NYSPA Summer 2020

Earlier this year, our team partnered with the NYS Office for Victim Services as well as the New York Legal Assistance Group to provide a training series to legal professionals entitled “Trauma-Responsive Lawyering.” The training covered the intersection of mental health and trauma, the neurobiology of trauma, revictimization, grounding tools, safety assessment, vicarious traumatization, and working with marginalized populations. Goals of the project included educating legal professionals to identify and define trauma, vicarious trauma, and trauma reactions; recognize and understand concrete strategies and practices for mitigating the impact of primary and secondary trauma; and comprehend and implement simple self-care practices and coping strategies while working with crime victims and their families. The sessions combined didactic instruction and interactive components ranging from polls, Q&A, discussion, and breakout sessions. Overall, 522 people registered for the course. It was clear based on participation levels of attendees and feedback following each session, that legal professionals are eager for continued trainings on these issues. This was one of the only trainings to our knowledge that was co-led by both mental health professionals and legal professionals. We strongly believe that this partnership was a key to the training’s success, and that continued partnerships across interdisciplinary providers on trainings is essential to better serve clients as well as to providing educational learning that is impactful and meets the goals of TIC.

This outreach beyond the usual silo of psychiatry is even more pressing during the COVID-19 pandemic. Together with the increased psychological stress experienced by all during this crisis, as well as disruptions to accessing institutions of service and health care, there is an urgent need for society and systems of care to provide trauma-responsive care to everyone. Psychiatry has the opportunity, knowledge, and skill to help shape this conversation. “There is no health without mental health.”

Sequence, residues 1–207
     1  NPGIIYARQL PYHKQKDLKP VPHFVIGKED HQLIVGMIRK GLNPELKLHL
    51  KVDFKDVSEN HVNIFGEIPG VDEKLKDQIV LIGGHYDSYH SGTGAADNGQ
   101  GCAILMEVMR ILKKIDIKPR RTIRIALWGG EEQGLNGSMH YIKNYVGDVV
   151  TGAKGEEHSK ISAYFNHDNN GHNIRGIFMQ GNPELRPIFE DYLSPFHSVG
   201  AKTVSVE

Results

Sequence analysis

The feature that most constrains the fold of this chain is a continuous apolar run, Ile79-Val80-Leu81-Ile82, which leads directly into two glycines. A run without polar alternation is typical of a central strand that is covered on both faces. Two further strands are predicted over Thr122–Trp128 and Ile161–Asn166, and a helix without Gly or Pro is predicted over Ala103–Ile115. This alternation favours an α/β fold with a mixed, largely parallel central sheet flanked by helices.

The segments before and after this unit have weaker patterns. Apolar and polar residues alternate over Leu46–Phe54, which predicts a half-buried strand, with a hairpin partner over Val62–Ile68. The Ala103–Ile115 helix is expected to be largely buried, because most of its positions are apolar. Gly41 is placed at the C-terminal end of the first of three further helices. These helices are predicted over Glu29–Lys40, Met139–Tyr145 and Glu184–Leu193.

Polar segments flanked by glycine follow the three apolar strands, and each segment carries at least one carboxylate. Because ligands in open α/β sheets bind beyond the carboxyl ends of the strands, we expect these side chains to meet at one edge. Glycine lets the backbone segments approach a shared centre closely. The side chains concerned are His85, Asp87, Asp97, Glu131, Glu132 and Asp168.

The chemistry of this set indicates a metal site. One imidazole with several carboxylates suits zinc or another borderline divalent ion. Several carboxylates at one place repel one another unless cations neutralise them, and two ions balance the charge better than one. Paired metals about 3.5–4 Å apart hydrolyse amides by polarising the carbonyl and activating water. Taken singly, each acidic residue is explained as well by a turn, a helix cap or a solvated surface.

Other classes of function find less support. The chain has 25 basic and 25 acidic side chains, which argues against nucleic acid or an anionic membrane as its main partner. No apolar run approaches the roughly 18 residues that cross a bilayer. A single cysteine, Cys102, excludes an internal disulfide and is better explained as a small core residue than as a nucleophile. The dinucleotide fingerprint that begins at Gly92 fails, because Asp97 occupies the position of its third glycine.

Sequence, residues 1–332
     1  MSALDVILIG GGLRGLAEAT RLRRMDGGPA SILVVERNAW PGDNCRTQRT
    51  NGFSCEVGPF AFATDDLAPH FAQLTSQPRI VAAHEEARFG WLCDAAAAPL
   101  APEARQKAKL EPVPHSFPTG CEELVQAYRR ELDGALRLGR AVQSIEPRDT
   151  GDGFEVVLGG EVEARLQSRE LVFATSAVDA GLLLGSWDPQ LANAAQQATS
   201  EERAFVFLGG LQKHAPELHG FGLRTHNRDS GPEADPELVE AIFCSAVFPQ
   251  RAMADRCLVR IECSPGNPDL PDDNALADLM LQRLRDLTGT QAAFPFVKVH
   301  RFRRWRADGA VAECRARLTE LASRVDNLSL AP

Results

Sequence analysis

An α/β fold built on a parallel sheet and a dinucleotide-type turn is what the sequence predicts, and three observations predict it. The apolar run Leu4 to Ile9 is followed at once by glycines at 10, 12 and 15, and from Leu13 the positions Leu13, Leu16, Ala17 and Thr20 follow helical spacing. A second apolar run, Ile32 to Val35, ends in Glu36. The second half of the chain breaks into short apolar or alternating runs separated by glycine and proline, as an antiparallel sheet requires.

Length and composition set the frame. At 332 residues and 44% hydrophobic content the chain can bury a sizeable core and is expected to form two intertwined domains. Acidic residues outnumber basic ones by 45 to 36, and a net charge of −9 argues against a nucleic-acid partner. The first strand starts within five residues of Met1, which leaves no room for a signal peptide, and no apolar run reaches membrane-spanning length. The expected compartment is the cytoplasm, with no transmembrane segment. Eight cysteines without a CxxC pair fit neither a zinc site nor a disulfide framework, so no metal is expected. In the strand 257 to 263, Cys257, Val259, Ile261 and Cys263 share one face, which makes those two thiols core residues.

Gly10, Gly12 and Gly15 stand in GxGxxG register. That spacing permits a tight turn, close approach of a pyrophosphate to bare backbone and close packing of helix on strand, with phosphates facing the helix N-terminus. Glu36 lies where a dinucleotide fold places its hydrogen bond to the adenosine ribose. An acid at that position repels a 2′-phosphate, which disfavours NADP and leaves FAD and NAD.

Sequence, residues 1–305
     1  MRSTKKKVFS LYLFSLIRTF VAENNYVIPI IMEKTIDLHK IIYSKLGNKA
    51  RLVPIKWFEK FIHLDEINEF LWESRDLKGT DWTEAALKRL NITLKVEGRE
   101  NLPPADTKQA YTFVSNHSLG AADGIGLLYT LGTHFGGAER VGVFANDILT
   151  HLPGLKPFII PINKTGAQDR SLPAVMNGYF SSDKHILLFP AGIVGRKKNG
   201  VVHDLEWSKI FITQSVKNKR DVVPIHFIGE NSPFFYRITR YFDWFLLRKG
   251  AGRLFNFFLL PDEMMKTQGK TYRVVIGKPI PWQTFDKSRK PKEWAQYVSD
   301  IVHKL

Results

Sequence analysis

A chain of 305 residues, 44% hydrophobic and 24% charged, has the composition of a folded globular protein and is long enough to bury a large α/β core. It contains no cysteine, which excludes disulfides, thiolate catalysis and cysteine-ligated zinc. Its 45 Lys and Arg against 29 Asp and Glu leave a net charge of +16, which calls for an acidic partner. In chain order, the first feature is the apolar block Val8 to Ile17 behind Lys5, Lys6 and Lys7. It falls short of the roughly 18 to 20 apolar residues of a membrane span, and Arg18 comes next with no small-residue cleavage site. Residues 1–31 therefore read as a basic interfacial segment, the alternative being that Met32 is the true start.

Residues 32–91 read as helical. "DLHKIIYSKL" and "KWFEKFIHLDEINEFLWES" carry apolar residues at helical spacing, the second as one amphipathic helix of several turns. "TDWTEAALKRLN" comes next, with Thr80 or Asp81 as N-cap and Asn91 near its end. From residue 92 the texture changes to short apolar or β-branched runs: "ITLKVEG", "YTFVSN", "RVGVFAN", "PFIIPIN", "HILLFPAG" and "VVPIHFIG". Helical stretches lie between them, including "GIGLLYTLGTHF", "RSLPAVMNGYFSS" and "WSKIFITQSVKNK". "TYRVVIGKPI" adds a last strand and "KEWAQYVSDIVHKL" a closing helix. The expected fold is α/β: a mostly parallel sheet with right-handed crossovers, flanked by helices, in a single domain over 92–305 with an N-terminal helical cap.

Elizabeth M. Fitelson, MD, is Associate Professor of Psychiatry at CUIMC, and Director of The Women’s Program at Columbia University Department of Psychiatry. Obianuju O. Berry, MD, MPH, is Medical Director at NYC Health and Hospitals Gender-Based and Domestic Violence Mental Health Collaboration, and is Clinical Assistant Professor, Department of Child and Adolescent Psychiatry, at NYU.


Schultz, J.M. 2010. “Psychological footprints.”  Disaster and Extreme Event Preparedness Center, University of Miami.

Substance Abuse and Mental Health Services Administration. SAMHSA’s Concept of Trauma and Guidance for a Trauma-Informed Approach. HHS Publication No. (SMA) 14-4884. Rockville, MD: Substance Abuse and Mental Health Services Administration, 2014

Weiss M, Benavides MO, Fitelson E, Monk C. The Domestic Violence Initiative: a private-public partnership providing psychiatric care in a nontraditional setting. Psychiatr Serv. 2017;68:212